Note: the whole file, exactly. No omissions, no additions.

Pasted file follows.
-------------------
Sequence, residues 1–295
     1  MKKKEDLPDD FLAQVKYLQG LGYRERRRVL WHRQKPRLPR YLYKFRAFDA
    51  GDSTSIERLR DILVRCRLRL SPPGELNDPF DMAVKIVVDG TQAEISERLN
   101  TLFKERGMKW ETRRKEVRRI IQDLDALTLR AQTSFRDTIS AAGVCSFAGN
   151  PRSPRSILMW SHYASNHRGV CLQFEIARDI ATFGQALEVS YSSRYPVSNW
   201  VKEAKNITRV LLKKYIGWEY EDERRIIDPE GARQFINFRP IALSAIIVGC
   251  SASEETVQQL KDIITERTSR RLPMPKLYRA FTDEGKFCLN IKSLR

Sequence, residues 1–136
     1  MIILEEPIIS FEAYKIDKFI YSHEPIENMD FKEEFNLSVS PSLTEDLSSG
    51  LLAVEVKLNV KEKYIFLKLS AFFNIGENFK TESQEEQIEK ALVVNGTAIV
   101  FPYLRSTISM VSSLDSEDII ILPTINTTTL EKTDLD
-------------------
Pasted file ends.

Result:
Sequence, residues 1–295
     1  MKKKEDLPDD FLAQVKYLQG LGYRERRRVL WHRQKPRLPR YLYKFRAFDA
    51  GDSTSIERLR DILVRCRLRL SPPGELNDPF DMAVKIVVDG TQAEISERLN
   101  TLFKERGMKW ETRRKEVRRI IQDLDALTLR AQTSFRDTIS AAGVCSFAGN
   151  PRSPRSILMW SHYASNHRGV CLQFEIARDI ATFGQALEVS YSSRYPVSNW
   201  VKEAKNITRV LLKKYIGWEY EDERRIIDPE GARQFINFRP IALSAIIVGC
   251  SASEETVQQL KDIITERTSR RLPMPKLYRA FTDEGKFCLN IKSLR

Sequence, residues 1–136
     1  MIILEEPIIS FEAYKIDKFI YSHEPIENMD FKEEFNLSVS PSLTEDLSSG
    51  LLAVEVKLNV KEKYIFLKLS AFFNIGENFK TESQEEQIEK ALVVNGTAIV
   101  FPYLRSTISM VSSLDSEDII ILPTINTTTL EKTDLD